Prizewinner 2019: Kim XU
PhD candidate at School of Demography, College of Arts and Social sciences, Australian National University
“Changing patterns and determinants of first marriage over the history of the People’s Republic of China”
Over the history of the People’s Republic of China, marriage ages have increased as a result of state policy intervention and socioeconomic changes, but marriage’s popularity remains undiminished. At the same time, there are growing concerns over forced lifelong singlehood among segments of the population due to sex -ratio imbalance in the marriage market and gender differentiation in mate preferences. Few empirical studies have examined the factors likely influencing the timing and propensity of marriage. This study addresses that research gap. It adopts cure survival analysis to jointly model the determinants of first marriage timing and likelihood. Data from multiple rounds of the Chinese General Social Survey are used to assess changes in marriage over successive birth cohorts. The results suggest that, among most male and female cohorts, a lower level of education is linked with younger ages at marriage but with lower chances of ever marrying. For younger male cohorts, residence in less-developed provinces is found to be associated with earlier marriage entry but reduced marriage likelihood. Among younger female cohorts, living in metropolitan cities is pinpointed as the most important factor in reducing marriage propensity.
Président : Joseph Larmarange (Ceped/IRD, France)
- Alexandre Avdeev (Université Paris 1 Panthéon Sorbonne, France)
- Viviana Egidi (Université de Rome La Sapienza, Italie)
- Jacques Marquet (UCLouvain, Belgique),
- Anne Solaz (Ined, France)
- Aline Désesquelles (Ined, France)
- Olivia Samuel (Université de Versailles Saint-Quentin, France)
A word from the jury president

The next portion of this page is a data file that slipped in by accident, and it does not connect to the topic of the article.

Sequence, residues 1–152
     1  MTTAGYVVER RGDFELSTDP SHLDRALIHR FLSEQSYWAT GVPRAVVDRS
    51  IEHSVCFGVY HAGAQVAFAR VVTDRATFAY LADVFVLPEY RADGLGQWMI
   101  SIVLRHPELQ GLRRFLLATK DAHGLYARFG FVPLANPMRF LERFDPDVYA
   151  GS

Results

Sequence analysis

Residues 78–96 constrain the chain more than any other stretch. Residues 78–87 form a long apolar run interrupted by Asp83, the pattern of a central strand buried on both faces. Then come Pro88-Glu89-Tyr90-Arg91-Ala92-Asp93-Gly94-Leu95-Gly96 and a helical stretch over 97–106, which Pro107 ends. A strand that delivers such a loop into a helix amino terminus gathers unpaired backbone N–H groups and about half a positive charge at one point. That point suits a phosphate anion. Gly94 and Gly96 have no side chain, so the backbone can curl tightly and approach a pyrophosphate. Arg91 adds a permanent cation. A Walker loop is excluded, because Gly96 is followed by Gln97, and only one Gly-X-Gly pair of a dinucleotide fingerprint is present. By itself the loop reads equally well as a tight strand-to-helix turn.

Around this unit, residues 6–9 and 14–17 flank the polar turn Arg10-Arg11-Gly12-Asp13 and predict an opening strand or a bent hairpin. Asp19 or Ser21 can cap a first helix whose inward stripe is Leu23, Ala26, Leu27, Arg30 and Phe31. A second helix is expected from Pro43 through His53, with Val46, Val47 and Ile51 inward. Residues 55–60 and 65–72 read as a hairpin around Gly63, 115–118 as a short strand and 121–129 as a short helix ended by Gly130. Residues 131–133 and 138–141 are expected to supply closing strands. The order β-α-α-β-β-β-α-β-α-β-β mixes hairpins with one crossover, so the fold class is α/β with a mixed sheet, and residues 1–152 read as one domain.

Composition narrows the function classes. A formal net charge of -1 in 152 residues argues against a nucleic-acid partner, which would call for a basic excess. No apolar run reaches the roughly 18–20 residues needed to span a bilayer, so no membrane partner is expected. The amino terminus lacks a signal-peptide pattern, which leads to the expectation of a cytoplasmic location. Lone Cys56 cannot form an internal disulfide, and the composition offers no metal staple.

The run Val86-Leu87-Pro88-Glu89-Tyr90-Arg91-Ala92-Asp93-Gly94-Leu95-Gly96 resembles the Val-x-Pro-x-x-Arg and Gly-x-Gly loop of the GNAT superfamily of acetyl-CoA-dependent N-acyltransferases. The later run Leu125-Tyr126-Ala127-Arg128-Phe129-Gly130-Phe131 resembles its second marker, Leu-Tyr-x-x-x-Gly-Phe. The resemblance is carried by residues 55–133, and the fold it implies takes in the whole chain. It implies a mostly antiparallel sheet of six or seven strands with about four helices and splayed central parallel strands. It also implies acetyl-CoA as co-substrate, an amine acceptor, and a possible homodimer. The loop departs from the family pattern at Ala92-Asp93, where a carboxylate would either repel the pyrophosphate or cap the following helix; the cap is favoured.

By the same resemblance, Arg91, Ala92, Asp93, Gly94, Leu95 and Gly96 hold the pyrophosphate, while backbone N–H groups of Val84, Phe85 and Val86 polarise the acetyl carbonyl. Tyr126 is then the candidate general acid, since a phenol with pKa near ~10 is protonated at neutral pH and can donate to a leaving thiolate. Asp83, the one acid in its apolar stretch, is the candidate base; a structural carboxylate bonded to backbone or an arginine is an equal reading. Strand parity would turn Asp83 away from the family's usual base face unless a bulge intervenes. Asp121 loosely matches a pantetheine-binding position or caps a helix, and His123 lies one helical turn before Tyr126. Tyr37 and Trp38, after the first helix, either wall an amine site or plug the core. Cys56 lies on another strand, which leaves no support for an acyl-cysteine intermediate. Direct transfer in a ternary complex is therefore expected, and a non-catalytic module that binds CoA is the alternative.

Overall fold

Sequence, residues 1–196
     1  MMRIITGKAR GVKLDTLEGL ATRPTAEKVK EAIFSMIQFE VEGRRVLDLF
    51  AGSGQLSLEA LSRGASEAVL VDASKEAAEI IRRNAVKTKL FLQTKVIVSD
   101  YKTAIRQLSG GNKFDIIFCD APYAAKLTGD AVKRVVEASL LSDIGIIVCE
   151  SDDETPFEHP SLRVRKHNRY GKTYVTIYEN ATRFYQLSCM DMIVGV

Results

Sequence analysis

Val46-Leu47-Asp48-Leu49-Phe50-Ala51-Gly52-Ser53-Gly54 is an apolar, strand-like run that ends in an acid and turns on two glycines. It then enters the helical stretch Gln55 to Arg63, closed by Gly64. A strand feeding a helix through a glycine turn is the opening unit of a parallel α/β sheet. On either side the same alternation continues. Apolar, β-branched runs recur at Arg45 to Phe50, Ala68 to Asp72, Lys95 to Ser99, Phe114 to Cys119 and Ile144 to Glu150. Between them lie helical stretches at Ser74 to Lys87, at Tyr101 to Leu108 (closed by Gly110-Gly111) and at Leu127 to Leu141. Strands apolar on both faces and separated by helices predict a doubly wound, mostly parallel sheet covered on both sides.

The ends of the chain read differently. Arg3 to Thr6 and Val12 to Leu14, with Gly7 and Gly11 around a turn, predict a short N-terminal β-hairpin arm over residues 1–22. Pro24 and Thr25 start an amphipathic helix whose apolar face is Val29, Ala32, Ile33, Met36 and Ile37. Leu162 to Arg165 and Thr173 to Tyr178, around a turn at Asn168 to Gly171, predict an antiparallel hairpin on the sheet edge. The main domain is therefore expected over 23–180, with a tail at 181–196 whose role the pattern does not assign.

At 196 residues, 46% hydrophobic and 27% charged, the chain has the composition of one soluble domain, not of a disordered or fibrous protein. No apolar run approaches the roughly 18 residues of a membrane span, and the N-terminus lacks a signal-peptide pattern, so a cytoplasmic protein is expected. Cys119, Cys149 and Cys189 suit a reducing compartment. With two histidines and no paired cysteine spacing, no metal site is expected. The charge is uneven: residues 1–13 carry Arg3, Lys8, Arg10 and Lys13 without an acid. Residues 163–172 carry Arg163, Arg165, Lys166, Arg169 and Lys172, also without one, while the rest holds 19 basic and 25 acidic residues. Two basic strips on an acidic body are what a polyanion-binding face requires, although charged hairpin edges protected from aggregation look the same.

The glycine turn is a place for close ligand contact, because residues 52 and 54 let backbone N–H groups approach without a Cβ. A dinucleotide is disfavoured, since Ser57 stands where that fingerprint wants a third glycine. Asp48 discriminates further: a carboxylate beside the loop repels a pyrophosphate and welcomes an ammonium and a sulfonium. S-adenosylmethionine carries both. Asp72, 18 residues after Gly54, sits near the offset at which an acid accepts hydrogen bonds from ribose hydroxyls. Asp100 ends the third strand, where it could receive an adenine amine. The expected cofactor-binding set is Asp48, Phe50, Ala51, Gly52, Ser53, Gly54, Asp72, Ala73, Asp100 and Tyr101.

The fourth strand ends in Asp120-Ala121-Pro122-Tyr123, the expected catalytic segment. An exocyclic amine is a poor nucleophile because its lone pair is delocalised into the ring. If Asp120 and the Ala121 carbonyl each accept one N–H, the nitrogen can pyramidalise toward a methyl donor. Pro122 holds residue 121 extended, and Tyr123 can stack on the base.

Since 2015, the journal Population has awarded a Young Author’s Prize to recognize the work of a young researcher. For the 2019 edition, 14 manuscripts were received, tackling subjects as diverse as infant health and mortality, the formation of interracial couples, international migration, forms of kinship, the implications of demographic ageing, and even the effects of climate change. Resolutely international in scope, the works submitted covered Africa, North America, Latin America, Asia, and Europe.
After a preliminary anonymized review of the texts, four manuscripts were shortlisted and each one sent to two external reviewers. The members of the jury read the texts and the reports (all anonymized). The final deliberations took place on 5 February 2019, when this year’s prizewinner was selected. The authors of some of the shortlisted manuscripts were invited to submit a revised version of their manuscript to the journal’s editorial board.
It is with great pleasure that we award the 2019 Young Author’s Prize to Kim Xu for her article entitled ‘Changing Patterns and Determinants of First Marriage over the History of the People’s Republic of China’. Adopting a comparative approach between generations, the winner explores how women and men in China, born between 1920 and 1983, entered into marriage. The originality of the analysis lies in the use of longitudinal cure models to distinguish the effects associated with experiencing the event studied (here, first marriage) and those associated with the timing of this event. As such, the author can, for example, show that although the most educated men and women marry later, they also have a higher probability of getting married.
I hope you will enjoy reading this 2019 Young Author’s prizewinning article and that it will encourage other early-career researchers to enter the competition for the 2020 prize.